Local Motors relies on drone community for unique UAS designs

By Patrick C. Miller | November 09, 2016

True outside-the-box drone design and the need for coordination between manned military aircraft and UAS operators were among the many topics covered during the second day of the Arizona UAS Summit & Expo near Scottsdale.

Alex Palmer, a design engineer with Local Motors located in Chandler, Arizona, outlined the company’s unique approach to co-creating and community problem-solving to design a variety of vehicles, including UAS. Customers range from Domino’s Pizza to DARPA.

“I’m lucky to be an engineer at local motors because we have 20 percent fun time, which is when you design something cool,” he said.

Palmer explained how the company worked with the Airbus Group—an aviation manufacturer based in Germany—to design the unique cargo drone. But when Airbus revealed its design parameters, they were for a drone similar to what the company already produced.

According to Palmer, the company’s approach was, “This is the way we do things because this is the way we’ve done things.”

It took some convincing to get Airbus to expand the requirements and loosen up the restraints. After a design challenge was issued, Local Motors received 425 entries in six weeks. After vetting the designs, it was determined that about 40 would actually work.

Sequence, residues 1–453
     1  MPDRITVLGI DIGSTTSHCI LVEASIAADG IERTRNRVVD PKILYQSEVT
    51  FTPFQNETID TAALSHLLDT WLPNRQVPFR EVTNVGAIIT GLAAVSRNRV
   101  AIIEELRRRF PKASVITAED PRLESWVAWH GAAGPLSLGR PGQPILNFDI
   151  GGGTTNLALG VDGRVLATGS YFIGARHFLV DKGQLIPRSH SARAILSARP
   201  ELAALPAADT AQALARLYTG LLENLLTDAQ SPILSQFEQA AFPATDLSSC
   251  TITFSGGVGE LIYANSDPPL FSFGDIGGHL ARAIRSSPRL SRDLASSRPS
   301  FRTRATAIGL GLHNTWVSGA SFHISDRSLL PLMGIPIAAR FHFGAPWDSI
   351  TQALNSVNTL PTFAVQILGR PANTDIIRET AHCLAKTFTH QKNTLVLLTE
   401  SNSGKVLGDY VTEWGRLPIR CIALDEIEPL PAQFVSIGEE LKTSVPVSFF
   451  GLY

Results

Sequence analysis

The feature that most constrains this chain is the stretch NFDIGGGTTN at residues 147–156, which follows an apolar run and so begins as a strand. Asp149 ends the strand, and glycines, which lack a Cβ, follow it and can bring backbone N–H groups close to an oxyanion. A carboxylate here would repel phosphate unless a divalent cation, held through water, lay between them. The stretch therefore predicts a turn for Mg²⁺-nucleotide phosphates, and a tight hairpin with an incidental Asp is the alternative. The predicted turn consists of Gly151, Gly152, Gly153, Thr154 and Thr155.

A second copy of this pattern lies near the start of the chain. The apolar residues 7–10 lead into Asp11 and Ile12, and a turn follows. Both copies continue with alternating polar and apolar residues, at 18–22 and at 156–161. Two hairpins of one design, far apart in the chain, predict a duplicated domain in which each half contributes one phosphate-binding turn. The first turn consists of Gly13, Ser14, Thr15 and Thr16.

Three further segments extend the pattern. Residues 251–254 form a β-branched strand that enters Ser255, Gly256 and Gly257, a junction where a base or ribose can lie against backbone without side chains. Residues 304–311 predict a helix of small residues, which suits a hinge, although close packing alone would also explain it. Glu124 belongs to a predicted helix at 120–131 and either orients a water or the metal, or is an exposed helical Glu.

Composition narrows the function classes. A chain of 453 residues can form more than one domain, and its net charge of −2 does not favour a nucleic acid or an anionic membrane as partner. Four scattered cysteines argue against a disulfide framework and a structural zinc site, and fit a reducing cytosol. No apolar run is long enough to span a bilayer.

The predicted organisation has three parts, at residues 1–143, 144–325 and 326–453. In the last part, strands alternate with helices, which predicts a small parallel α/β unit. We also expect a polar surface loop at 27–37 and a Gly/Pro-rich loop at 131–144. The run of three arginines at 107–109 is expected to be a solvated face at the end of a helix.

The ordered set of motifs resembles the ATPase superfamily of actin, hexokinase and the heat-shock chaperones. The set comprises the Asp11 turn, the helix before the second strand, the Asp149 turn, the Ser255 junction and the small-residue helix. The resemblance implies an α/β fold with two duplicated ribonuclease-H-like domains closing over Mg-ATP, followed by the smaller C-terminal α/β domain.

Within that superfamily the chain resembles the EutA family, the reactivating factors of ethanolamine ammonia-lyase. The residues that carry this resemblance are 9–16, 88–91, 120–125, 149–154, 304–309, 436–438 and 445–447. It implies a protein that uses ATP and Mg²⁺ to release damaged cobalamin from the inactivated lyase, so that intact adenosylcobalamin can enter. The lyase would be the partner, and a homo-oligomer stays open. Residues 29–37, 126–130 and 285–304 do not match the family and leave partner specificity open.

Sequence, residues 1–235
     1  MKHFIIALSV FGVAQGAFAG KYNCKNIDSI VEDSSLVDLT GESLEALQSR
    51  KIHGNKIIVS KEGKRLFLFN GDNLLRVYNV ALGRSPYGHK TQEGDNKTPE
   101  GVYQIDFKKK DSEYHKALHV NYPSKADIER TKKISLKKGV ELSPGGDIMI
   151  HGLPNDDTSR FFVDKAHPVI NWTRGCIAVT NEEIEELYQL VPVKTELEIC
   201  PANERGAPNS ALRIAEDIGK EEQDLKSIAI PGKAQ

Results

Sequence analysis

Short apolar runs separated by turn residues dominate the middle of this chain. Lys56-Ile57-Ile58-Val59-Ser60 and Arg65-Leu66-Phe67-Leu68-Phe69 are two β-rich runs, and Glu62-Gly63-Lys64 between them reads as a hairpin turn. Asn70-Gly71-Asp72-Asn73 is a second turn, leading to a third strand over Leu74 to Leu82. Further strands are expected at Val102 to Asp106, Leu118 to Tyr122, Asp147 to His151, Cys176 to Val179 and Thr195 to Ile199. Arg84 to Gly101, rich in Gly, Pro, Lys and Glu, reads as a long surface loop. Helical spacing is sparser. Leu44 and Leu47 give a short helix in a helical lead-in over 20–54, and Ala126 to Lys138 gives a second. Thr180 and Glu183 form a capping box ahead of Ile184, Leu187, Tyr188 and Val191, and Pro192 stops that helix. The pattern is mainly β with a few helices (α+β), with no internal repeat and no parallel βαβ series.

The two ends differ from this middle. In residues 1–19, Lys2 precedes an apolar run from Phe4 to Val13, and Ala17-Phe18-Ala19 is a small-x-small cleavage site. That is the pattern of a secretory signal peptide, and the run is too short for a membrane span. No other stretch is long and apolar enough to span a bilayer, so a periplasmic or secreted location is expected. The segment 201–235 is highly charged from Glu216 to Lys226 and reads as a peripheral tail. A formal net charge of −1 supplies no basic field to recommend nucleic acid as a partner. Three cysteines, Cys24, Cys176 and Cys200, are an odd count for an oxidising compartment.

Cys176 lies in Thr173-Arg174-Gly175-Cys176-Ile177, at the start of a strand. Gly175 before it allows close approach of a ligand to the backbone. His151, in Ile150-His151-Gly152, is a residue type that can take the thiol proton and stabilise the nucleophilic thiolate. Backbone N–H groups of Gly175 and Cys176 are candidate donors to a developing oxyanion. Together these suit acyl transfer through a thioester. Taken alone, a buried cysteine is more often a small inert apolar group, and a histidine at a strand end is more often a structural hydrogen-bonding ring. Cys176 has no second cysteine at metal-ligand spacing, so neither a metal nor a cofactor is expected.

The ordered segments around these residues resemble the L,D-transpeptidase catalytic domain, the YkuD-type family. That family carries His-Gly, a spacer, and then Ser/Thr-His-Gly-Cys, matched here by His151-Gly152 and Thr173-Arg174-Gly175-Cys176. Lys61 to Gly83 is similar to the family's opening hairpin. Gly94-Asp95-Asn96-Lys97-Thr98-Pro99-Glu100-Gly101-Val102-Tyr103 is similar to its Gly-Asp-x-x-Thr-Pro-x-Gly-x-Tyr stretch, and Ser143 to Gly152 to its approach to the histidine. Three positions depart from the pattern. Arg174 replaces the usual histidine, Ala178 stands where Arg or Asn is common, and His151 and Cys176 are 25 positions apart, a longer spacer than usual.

“We showed Airbus the top 10 designs which started hours of debate among the executives,” Palmer recalled. “They loved all of them. It was absolutely amazing.”

The winning designer received $50,000, a trip to the Farnborough Airshow in England and Cargo Drone Flight Jacket with personalized patch.

Palmer said the concept works because it draws upon a 60,000-member community for ideas and input.  As he explained, “Many of them are smarter than us and many smart people don’t work for big companies.”

But when big companies are pulled out of their comfort zones and tap into the potential of the design community, the results are usually astounding.

“Something that would take them years to do, we are doing in fractions of that time,” Palmer said.

Col. Hoyt Slocum, vice wing commander of the 161st Air Refueling Wing with the Arizona National Guard, discussed the need for better communication and coordination between UAS operators and the areas in which manned military aircraft fly training missions in the state.

Those who pass the Federal Aviation Administration (FAA) test under Part 107 and receive a done license need to make sure they understand special military airspace and look up the NOTAMs that detail the use of that space.

“Virtually everyone’s going to be a pilot, but we’re all maneuvering in the same space,” Slocum said. “The FAA has not quite kept up with current events. Their charts don’t show the true width of the flight corridors—they are much wider.”

He also stressed that while many military training flights are often above 400 feet where small UAS operate, that’s not always the case. Therefore, it’s important to know the altitude range for flights in special use areas.

“We don’t see birds until we’re right on top of them,” Slocum noted. “It would be the same with UAS. The difference is that birds don’t explode on impact. Lithium batteries tend to do that.”

The UAS Summit & Expo concludes Wednesday at the We-Ko-Pa Resort and Convention Center. 


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